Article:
Climate change is stacking up to be a hotly contended election platform during the Canadian election cycle. The Conservative party published a 60-page report, in which it describes its stance as “green technology, not taxes”. The positioning document spells out Andrew Scheer’s plans for unlocking Canadian current energy resources, while transitioning to a renewable energy future.
Meanwhile, the Liberals remain committed to reducing carbon emissions by 30% below 2005 levels agreed to at the Paris climate conference four years ago – a target some see as unrealistic.
Canadian growth reasonable, employment conditions still strong
Against the backdrop of all the heated debate about Canada’s energy future and the impact this is having on the sector, the prevailing general economic conditions remain reasonable. The Canadian economy grew 0.4% on an annualized basis in the first quarter, up 0.1% on the fourth quarter of last year.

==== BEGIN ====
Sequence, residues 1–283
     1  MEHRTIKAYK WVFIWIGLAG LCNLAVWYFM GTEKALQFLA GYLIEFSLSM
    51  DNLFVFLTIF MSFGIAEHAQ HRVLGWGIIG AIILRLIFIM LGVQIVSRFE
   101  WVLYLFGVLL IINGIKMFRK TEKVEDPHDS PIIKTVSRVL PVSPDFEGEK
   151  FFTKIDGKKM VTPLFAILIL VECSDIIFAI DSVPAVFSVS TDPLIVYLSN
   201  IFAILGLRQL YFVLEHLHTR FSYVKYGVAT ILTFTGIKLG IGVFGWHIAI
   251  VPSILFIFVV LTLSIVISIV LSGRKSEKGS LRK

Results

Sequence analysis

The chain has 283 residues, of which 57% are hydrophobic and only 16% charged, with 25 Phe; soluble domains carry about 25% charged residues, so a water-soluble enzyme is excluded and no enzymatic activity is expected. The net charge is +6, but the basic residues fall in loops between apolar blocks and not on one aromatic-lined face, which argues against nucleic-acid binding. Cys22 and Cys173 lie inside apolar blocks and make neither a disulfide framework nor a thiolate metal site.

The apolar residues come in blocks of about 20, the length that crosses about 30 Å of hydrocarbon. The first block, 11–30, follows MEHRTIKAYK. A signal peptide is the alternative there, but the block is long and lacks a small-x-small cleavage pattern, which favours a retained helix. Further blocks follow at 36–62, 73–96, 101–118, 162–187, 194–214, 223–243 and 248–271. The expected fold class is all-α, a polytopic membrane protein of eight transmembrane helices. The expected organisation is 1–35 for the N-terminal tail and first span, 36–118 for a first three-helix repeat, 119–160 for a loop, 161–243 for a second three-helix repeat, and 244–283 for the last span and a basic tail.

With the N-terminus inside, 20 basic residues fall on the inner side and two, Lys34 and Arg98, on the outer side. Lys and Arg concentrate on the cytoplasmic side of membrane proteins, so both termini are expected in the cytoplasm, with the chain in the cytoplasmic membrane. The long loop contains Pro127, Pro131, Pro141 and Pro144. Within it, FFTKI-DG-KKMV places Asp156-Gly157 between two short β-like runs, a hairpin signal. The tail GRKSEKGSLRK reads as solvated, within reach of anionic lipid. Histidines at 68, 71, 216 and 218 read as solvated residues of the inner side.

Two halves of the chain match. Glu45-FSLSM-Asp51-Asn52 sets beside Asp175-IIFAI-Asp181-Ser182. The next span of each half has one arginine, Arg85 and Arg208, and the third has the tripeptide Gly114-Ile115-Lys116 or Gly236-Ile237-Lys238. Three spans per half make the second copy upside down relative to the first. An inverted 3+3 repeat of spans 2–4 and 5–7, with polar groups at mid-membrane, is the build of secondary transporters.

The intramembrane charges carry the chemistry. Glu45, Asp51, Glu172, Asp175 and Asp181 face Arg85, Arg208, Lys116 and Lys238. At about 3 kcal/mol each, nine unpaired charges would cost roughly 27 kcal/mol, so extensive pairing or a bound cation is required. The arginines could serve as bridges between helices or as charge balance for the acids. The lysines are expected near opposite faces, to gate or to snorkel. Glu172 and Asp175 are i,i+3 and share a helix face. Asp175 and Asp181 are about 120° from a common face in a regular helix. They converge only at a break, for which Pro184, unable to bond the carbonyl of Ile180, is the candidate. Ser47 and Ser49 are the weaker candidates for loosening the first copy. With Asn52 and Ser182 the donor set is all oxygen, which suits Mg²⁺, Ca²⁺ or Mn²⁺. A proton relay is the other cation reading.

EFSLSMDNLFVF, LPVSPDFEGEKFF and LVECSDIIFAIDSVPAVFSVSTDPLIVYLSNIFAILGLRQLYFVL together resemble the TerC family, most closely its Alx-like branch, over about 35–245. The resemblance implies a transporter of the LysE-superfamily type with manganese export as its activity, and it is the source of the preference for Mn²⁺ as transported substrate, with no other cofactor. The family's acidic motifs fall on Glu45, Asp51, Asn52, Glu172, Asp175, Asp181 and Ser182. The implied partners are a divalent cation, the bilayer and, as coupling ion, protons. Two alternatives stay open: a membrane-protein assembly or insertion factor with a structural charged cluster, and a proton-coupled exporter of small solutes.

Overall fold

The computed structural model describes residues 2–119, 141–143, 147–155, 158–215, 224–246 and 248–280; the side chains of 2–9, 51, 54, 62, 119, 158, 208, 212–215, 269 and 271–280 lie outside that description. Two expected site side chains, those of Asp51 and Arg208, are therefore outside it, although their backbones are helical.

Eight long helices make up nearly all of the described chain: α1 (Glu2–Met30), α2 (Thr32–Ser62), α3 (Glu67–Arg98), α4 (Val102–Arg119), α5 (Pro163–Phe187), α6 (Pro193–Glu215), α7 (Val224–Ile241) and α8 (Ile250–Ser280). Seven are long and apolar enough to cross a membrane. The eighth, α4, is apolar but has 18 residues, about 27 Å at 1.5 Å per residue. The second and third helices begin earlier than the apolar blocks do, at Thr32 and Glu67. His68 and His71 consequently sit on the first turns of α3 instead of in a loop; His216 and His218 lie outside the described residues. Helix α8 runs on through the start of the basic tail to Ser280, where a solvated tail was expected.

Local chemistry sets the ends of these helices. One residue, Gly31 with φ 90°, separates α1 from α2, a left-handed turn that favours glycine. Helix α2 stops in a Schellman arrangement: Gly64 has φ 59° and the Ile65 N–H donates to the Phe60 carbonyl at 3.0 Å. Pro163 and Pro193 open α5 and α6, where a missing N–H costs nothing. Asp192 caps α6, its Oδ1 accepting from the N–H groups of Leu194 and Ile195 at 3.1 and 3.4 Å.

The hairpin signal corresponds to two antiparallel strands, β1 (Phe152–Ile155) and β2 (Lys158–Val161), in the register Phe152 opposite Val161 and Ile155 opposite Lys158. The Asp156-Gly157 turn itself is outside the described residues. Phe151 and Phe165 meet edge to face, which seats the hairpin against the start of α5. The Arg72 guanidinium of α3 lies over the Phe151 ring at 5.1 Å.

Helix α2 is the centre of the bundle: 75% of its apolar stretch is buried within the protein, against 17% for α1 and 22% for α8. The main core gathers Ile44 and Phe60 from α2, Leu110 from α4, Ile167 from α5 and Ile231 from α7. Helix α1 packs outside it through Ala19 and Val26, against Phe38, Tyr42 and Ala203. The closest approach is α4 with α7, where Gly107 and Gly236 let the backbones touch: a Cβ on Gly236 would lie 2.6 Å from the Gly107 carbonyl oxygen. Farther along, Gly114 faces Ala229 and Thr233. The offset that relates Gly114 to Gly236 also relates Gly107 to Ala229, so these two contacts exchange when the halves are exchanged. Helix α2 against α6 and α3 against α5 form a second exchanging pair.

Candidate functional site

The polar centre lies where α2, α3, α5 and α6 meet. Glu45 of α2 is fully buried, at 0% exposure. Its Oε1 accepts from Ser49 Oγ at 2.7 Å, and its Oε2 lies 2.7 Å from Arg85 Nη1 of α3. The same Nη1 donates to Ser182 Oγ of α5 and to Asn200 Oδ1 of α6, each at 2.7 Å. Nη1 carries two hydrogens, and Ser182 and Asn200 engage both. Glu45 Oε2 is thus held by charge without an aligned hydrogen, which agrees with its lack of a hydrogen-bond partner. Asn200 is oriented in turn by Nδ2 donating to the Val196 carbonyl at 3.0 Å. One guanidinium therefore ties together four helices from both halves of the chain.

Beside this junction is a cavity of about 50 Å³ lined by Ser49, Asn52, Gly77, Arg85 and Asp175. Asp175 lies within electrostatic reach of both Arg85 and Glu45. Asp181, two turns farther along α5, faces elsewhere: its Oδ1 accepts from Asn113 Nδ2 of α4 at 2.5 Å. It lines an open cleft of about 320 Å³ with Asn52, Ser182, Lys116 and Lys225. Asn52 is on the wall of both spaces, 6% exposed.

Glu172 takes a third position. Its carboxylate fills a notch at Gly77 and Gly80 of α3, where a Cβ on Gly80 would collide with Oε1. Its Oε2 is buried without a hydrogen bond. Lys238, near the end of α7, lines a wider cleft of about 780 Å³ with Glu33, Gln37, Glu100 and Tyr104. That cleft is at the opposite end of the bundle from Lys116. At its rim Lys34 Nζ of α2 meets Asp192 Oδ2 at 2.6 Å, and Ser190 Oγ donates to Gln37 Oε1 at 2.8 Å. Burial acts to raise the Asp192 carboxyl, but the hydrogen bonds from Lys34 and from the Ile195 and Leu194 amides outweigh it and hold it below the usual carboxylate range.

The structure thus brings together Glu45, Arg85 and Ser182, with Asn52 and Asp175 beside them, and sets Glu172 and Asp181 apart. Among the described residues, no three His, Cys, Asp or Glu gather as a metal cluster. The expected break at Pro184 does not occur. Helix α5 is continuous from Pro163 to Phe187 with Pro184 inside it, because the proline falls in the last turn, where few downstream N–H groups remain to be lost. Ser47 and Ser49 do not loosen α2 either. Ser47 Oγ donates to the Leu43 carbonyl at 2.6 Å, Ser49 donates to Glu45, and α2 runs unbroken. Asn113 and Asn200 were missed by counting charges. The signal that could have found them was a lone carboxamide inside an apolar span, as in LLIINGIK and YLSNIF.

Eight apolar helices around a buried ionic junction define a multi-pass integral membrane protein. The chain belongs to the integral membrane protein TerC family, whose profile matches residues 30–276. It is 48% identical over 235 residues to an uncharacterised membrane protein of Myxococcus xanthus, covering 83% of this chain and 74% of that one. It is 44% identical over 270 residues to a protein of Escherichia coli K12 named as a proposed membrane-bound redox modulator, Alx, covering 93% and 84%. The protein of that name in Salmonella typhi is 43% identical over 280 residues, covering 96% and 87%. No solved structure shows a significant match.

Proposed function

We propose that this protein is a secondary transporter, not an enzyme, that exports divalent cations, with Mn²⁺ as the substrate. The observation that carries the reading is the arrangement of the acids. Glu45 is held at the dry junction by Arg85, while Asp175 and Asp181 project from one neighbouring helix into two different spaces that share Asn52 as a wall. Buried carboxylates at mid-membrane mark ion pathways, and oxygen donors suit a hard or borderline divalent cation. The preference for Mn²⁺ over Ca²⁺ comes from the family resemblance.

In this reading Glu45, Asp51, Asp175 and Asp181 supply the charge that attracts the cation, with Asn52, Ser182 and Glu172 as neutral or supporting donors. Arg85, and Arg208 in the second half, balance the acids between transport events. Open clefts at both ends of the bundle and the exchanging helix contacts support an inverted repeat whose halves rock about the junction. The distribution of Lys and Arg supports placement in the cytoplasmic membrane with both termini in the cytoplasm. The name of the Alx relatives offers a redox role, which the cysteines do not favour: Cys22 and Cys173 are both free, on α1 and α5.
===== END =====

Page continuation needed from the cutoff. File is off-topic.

Labour market conditions remained the best on record in the first half of the year but did experience a dip in June. Unemployment rate edged up to 5.5% versus 5.4% in May and employment decreased by 2,200 after rising strongly in each of the previous two months.
There are some structural issues that could impact future growth, one of which is that companies are unable to find enough qualified workers to fill specialist jobs and thus many jobs are going unfulfilled for lengthy periods. Also, although the Bank of Canada has committed to maintaining an expansive policy stance, which should provide some support for the economy, it does not have the arsenal it would need to significantly buoy economic activity if needed.
Also a mounting concern is Canada’s deteriorating bilateral relations with China in the wake of Huawei senior executive Meng Wanzhou’s arrest on behalf of the United States late last year. Since then China has, it is believed, arbitrarily arrested two Canadian citizens, soya bean exports have inexplicably fallen off a cliff and China is raising concerns about the quality of Canada’s canola seeds and pork.